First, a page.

“It’s not targeting the Jews,” he said.
Alexander Boroda, the president of Gorin’s federation, told Interfax that he was “dismayed” by the expulsion and suggested it was the work of an overzealous official eager “to check off the box” after being ordered to curb immigration.
Boroda also told Interfax that the deportation was not anti-Semitic. He recalled how Putin’s government has facilitated a Jewish revival in Russia — including by returning dozens of buildings; educating to tolerance; adding Jewish holidays to the national calendar, and offering subsidies to Jewish groups. Lazar, who was born in Italy, often contrasts the scarcity of anti-Semitic violence in Russia with its prevalence in France and Great Britain.
The government has also tolerated criticism by the Chabad-led community. Under Lazar and Boroda, the Federation has largely ignored xenophobia against non-Jews but consistently condemned any expression of anti-Semitism — including from within Putin’s party and government.
The federation even spoke out against Russia’s vote in favor of a UNESCO resolution last year that ignores Judaism’s attachment to the Western Wall in Jerusalem.
Still, the Edelkopf deportation is part of a string of recent incidents in which Jews have suffered the effects of growing authoritarianism in Russia — a country where opposition figures are routinely prosecuted and convicted. Since 2012 the country has slipped in international rankings of free speech and human rights; Freedom House’s “Freedom on the Internet” index slipped recently from “partly free” to “not free.”
Under legislation from 2012, a Jewish charitable group from Ryazan near Moscow was flagged in 2015 by the justice ministry as a “foreign agent” over its funding from the American Jewish Joint Distribution Committee and its reproduction in a newsletter of political op-eds that appeared in the L’chaim Jewish weekly.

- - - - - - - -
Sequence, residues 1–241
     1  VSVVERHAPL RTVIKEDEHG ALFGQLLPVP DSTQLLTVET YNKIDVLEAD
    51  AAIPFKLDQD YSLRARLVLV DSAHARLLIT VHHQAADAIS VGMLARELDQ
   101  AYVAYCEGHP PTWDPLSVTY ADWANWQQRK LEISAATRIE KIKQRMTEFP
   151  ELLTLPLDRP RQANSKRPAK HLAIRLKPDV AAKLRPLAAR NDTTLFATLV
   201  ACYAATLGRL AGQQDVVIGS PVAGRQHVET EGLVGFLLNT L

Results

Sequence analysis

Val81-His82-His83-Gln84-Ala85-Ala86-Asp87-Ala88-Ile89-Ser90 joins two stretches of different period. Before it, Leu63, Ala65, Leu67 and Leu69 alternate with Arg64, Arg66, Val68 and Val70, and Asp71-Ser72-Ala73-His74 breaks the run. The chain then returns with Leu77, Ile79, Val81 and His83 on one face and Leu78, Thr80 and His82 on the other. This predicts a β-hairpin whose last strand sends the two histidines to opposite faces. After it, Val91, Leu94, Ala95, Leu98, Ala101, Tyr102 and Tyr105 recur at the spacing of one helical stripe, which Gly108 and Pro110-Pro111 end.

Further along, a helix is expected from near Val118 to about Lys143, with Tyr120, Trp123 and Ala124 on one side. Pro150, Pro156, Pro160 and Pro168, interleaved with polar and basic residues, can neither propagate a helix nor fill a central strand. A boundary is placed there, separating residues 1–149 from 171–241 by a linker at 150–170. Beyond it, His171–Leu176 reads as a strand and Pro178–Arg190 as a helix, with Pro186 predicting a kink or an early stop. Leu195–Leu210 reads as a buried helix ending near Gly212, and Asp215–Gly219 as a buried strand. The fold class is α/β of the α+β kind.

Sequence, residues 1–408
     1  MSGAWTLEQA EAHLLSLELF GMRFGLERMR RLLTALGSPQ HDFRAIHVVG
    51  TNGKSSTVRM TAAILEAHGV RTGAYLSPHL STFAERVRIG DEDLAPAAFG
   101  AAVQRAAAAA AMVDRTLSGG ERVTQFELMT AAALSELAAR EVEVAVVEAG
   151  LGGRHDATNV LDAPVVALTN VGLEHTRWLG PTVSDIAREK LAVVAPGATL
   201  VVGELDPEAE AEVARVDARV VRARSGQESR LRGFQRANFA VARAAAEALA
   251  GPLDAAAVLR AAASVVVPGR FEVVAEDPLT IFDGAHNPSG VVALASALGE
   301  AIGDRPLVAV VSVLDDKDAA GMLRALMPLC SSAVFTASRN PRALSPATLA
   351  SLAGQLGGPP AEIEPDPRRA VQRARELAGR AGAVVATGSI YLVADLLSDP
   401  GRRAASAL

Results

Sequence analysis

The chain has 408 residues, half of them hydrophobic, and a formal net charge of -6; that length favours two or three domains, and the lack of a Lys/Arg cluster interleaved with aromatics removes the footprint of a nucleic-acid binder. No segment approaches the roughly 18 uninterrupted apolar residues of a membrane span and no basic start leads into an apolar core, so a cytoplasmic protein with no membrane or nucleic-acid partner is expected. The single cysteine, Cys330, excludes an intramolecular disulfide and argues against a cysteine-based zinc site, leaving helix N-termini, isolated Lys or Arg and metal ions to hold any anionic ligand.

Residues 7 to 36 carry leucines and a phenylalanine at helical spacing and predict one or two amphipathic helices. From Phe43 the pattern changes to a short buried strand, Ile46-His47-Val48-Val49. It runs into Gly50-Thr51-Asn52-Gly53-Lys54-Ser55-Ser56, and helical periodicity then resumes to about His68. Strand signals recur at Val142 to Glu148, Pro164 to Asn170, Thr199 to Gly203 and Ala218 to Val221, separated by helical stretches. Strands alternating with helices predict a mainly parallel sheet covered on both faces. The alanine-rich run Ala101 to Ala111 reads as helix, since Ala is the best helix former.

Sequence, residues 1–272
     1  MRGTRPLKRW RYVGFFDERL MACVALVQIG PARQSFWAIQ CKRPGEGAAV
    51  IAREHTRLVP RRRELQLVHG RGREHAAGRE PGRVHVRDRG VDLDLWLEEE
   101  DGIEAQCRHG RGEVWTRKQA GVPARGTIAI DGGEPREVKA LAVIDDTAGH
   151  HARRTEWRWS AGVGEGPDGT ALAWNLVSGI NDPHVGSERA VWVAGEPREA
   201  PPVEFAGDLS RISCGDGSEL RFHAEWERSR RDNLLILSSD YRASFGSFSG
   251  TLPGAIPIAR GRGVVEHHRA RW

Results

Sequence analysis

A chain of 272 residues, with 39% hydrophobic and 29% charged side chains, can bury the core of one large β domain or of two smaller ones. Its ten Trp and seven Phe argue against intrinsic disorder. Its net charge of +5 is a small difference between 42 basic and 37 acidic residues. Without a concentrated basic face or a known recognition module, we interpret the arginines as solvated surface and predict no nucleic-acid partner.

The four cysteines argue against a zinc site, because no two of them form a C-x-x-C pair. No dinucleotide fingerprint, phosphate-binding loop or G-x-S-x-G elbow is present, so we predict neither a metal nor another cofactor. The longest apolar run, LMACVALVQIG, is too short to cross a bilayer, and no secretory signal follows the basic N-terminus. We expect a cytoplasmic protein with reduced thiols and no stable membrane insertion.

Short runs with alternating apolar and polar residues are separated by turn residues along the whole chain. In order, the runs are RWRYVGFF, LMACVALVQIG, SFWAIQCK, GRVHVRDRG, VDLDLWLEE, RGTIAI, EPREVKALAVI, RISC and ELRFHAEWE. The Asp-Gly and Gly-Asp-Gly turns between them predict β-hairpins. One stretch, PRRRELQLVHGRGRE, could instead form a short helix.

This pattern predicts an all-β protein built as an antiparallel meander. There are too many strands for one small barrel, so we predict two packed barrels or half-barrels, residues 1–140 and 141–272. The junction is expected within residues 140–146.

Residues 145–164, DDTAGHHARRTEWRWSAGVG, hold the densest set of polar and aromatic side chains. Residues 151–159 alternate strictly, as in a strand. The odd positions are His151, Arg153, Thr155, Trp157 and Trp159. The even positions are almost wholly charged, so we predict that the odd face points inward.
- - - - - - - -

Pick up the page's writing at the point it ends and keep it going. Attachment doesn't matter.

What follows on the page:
Last year, a court in Sverdlovsk convicted a teacher, Semen Tykman, of inciting hatred among pupils at his Chabad school against Germans and propagating the idea of Jewish superiority. Authorities raided his school and another one in 2015, confiscating textbooks, which some Russian Jews suggested was to create a semblance of equivalence with Russia’s crackdown on radical Islam.
Before that affair, a Russian court in 2013 convicted Ilya Farber, a Jewish village teacher, of corruption in a trial that some Jewish groups dismissed as flawed, in part because the prosecution displayed some anti-Semitic undertones in arguing it.
While the incidents differ in their local contexts in the multiethnic behemoth that is Russia, seen together they demonstrate that the Jewish minority not only thrived under Putin but is feeling the “collateral damage as the government drastically tightens its grip on all areas of life,” according to Roman Bronfman, a former Israeli lawmaker from Ukraine and a staunch critic of Putin.
Natan Sharansky, the chairman of the Jewish Agency, recently named the anti-democratic measures of Putin’s government — along with the halving of the Russian ruble against the dollar amid sanctions and dropping oil prices — as a major catalyst for an increase in immigration to Israel by Russian Jews.
Last year, Russia was Israel’s largest provider of immigrants with some 7,000 newcomers to the Jewish state, or olim — a 10-year high that saw Russia’s Jewish population of roughly 250,000 people lose 2 1/2 percent of its members to Israel.
But to Lazar, Russia’s Chabad-affiliated chief rabbi, the numbers tell a different story, he said last week at the Limmud FSU Jewish learning conference in London.
“I don’t know if Jews are leaving because of these steps,” he said, referring to limitations on freedom of speech and other liberties in Russia. “But I think it’s a testament to the revival of the community, which has instilled Jewish identity to provide many olim, whereas 15 years ago this phenomenon just didn’t exist.”